Phillis Wheatley

ca. 1753-1784
Edited by Debra Michals, PhD | 2015, Edited by Rebecca Ljungren, Education Programs Manager, 2023

 Phillis Wheatley Peters is broadly recognized as the first African American woman and only the third American woman to publish a book of poems. Her works continues to be studied by historians, and her legacy has inspired generations of writers.

Born around 1753 in Gambia, Africa, Wheatley was captured by enslavers and brought to America in 1761. Upon arrival, she was sold to the Wheatley family in Boston, Massachusetts. Her first name Phillis was derived from the ship that brought her to America, “the Phillis.”

The Wheatley family educated her and within sixteen months of her arrival in America she could read the Bible, Greek and Latin classics, and British literature. She also studied astronomy and geography. In her early teenage years, Wheatley began to write poetry, publishing her first poem in 1767. Publication of “An Elegiac Poem, on the Death of the Celebrated Divine George Whitefield” in 1770 brought her great notoriety. In 1773, with financial support from the English Countess of Huntingdon, Wheatley traveled to London with the Wheatley's son to publish her first collection of poems, Poems on Various Subjects, Religious and Moral—the first book written by an enslaved Black woman in America. It included a forward, signed by John Hancock and other Boston notables—as well as a portrait of Wheatley—all designed to prove that the work was indeed written by a Black woman. She was emancipated shortly thereafter.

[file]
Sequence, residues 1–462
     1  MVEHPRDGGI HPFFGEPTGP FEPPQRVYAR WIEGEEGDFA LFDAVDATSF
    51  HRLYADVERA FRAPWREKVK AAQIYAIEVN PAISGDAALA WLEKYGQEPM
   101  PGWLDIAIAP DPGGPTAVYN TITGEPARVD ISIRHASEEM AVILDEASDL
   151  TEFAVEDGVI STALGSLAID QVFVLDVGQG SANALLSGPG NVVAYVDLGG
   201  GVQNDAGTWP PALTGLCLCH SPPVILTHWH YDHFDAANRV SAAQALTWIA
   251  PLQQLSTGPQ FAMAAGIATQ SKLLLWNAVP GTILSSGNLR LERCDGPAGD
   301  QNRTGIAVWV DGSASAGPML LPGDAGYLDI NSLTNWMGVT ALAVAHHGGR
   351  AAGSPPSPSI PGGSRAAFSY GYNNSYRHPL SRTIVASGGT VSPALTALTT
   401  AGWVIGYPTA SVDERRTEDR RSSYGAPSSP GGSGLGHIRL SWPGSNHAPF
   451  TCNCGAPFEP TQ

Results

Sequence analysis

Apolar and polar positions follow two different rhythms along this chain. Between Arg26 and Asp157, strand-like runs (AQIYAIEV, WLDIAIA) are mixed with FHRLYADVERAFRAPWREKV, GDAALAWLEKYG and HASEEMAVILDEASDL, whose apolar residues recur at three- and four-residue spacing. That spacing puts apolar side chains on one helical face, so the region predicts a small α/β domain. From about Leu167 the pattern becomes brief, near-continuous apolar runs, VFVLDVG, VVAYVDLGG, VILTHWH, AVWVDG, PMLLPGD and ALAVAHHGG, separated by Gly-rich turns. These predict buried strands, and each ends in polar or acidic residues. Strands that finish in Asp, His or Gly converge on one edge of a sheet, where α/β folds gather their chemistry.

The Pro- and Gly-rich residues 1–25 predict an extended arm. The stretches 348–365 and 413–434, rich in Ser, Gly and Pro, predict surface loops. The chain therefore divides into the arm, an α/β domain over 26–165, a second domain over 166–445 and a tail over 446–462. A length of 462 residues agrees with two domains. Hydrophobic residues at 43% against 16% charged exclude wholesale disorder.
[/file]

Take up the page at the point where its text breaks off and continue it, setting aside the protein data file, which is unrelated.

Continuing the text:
Wheatley’s poems reflected several influences on her life, among them the well-known poets she studied, such as Alexander Pope and Thomas Gray. Pride in her African heritage was also evident. Her writing style embraced the elegy, likely from her African roots, where it was the role of girls to sing and perform funeral dirges. Religion was also a key influence, and it led Protestants in America and England to enjoy her work. Enslavers and abolitionists both read her work; the former to convince the enslaved population to convert, the latter as proof of the intellectual abilities of people of color. 

Although she supported the American Revolution, she believed that slavery was the issue that prevented the colonists from achieving true heroism. She wrote several letters to ministers and others on liberty and freedom. During the peak of her writing career, she wrote a well-received poem praising the appointment of George Washington as the commander of the Continental Army.

In 1778, Wheatley married John Peters, a free Black man from Boston with whom she had three children, though none survived. Efforts to publish a second book of poems failed. To support her family, she worked as a maid in a boardinghouse while continuing to write poetry. Wheatley became ill and died on December 5th, 1784.

Wheatley's poems continue to be studied by scholars to this day, and many institutions have honored her legacy, such as the Phyllis Wheatley YWCA in Washington, DC.